Other Risk Factors for Pancreatic Cancer
Cigarette smoking and family history (ie, at least one first-degree relative affected by the disease) are the predominant risk factors for pancreatic cancer. In addition to smoking, significant avoidable or reversible risk factors include alcohol abuse, obesity, a sedentary lifestyle, a diet high in fats and meats and low in vegetables and folate, and certain environmental exposures (eg, solvents used in dry cleaning, gasoline-related particles, nickel).2,4,8 Risk factors that are unavoidable or irreversible include advancing age, male gender, African-American ethnicity, a non–O blood group type, and a history of radiation treatment.4,8 Analyses of risk factors for pancreatic cancer appear in Table 12,18-20 (inherited risk factors) and Table 22 (noninherited risk factors).
It has been estimated that 20% to 25% of pancreatic tumors are attributable to cigarette smoking, and individuals who smoke carry more cancer-related genetic mutations than do nonsmokers.21,22 Additionally, patients with hereditary pancreatitis who smoke are at double the risk for pancreatic cancer and can develop the disease 20 years earlier than those with the associated genetic mutation who do not smoke.4 Among the germline mutations associated with cancer, BRCA2 mutations have been reported in 12% to 17% of patients with familial pancreatic cancer.23
As of 2010-2011, the US Preventive Services Task Force24 (USPSTF) recommended against routine screening (ie, abdominal palpation for organomegaly, serologic markers, or ultrasonography) for pancreatic cancer in asymptomatic adults; the USPSTF has not yet reviewed the effectiveness of screening patients with hereditary pancreatitis, even though they “may have a higher lifetime risk for developing pancreatic cancer.”24 Screening for pancreatic cancer is usually reserved for patients with a lifetime pancreatic cancer risk of at least 5%; it begins with a genetic analysis to detect mutations associated with pancreatic cancer.4,18 Imaging may follow, with the intent to detect precursor lesions or early pancreatic cancers.4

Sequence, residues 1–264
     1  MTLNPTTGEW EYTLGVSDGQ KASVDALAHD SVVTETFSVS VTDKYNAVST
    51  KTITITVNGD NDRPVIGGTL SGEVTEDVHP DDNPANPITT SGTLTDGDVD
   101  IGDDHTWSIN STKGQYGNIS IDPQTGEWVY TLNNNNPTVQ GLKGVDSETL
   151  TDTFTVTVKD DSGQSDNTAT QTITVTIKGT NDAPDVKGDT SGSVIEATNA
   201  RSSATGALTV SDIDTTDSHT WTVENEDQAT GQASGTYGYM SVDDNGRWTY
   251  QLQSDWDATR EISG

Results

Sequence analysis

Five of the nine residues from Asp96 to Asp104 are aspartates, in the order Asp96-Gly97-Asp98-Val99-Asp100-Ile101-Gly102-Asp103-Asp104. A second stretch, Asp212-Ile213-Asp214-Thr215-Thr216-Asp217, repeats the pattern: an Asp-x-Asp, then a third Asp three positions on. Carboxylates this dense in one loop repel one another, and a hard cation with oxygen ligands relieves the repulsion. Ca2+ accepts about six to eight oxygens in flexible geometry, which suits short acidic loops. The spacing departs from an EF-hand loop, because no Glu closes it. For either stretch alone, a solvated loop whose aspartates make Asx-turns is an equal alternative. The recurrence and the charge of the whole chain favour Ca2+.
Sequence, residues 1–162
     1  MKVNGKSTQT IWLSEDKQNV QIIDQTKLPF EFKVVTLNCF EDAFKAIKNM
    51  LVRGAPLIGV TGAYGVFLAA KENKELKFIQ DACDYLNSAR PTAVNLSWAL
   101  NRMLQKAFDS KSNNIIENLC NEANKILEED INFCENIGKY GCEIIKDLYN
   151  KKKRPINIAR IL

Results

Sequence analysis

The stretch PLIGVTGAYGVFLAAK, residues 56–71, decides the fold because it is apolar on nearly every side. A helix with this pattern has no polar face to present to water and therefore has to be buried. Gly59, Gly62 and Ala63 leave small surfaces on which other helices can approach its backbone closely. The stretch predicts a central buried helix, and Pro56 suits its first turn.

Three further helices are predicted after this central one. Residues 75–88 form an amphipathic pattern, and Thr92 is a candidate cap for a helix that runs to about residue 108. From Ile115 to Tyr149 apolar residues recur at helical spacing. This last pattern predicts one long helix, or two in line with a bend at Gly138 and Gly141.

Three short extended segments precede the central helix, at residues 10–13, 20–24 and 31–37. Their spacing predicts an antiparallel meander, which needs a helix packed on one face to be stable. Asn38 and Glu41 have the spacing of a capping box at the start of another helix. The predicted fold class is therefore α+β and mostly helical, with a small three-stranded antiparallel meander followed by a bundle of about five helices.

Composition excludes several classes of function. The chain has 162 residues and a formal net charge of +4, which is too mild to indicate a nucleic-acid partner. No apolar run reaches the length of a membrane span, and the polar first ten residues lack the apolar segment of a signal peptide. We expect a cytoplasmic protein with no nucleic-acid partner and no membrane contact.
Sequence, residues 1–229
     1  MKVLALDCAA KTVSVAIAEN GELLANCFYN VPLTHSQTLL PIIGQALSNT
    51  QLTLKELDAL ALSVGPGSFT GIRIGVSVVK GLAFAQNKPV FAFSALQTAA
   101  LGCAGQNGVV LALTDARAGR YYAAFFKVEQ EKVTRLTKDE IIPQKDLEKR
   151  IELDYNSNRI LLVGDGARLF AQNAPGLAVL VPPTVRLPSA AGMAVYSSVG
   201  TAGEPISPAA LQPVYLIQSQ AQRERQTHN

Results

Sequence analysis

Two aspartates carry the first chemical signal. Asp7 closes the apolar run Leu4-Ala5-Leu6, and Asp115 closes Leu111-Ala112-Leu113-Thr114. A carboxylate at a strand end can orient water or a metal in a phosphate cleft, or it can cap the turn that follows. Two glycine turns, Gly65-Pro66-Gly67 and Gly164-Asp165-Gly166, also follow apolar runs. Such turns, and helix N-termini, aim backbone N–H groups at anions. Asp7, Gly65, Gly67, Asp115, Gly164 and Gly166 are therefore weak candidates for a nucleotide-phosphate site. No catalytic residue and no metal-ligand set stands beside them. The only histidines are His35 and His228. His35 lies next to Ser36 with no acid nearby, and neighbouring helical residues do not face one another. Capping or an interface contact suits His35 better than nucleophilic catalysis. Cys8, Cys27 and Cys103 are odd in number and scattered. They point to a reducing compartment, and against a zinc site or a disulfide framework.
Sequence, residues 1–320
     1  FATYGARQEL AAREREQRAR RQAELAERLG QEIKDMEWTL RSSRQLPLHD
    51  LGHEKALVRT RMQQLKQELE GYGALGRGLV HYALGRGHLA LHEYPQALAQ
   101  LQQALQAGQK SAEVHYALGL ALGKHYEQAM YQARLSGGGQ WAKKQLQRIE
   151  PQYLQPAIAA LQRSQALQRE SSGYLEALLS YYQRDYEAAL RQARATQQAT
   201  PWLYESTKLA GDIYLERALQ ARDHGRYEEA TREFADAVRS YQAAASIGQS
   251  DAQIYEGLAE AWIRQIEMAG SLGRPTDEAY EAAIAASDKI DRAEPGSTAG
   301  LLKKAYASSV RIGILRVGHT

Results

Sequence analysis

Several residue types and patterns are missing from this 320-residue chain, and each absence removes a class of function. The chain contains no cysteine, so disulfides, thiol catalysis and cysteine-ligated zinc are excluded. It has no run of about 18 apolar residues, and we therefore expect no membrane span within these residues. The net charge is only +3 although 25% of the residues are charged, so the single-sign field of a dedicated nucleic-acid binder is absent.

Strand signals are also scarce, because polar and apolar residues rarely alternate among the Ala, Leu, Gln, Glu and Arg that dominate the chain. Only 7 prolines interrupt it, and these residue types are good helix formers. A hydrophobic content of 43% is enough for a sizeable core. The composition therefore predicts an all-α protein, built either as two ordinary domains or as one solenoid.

Clinically silent in its early stages, pancreatic cancer usually presents after the tumor has metastasized to distant organs or has invaded adjacent tissues. Typically, patients with pancreatic cancer have undergone abdominal CT for evaluation of other clinically indicated reasons before receiving this diagnosis.8
The presenting symptoms for pancreatic cancer include, but are not limited to, abdominal pain, midback pain, jaundice, loss of appetite and weight loss, floating stools, dyspepsia, nausea, and depression5,25 (see Figure 125 for a detailed analysis of self-reported symptoms in a study of patients with pancreatic cancer). Both deep and superficial venous thrombosis, which are not unusual on presentation, can be an indication of malignant disease.8,26 In patients with pancreatic cancer, incidence of thromboembolic disease, in its various manifestations, ranges from 17% to 57%.27,28
In a 2010 study, Raptis et al29 analyzed data from 355 patients with pancreatic cancer to evaluate whether a specific clinical presentation (abdominal pain, weight loss, jaundice) and delayed timing in referral, diagnosis, and treatment had any impact on the operability, resectability, and/or survival rate associated with pancreatic cancer. The researchers concluded that the time delay between referral and treatment had no significant impact on patient survival.
Abdominal pain is the presenting complaint in about half of all adult patients who seek primary care.30,31 This presentation is contestable in both primary care and specialty practice, such as gastroenterology, because it is usually a benign symptom; it can also be an indication of serious acute pathology32 (see “Case Patient”33,34).
In the study by Raptis et al,29 abdominal pain was the symptom with which patients affected by pancreatic cancer most commonly presented to primary care. Thus, it is important for the clinician to perform a thorough abdominal exam—inspection, auscultation, percussion, light touch, and deep palpation—on any patient with such symptoms. Deep palpation is specifically sensitive, since it can sometimes help the provider feel the abdominal organs, especially if they are enlarged. Opioids may be given if needed while the assessment proceeds.30
Other key points to include in the physical exam of a patient presenting with abdominal pain are vital signs, observation for jaundice (which in one study was reported in 41% of patients with pancreatic cancer25), chest auscultation and percussion, examination of the rectal, pelvic, and genitourinary regions, and an evaluation of mental status.31-33
Abnormal findings can help guide clinical decision making and treatment planning. It should be emphasized, however, that tumors of the pancreas can be difficult to detect and diagnose because of the anatomic location of the pancreas and the disease’s insidious properties.4,14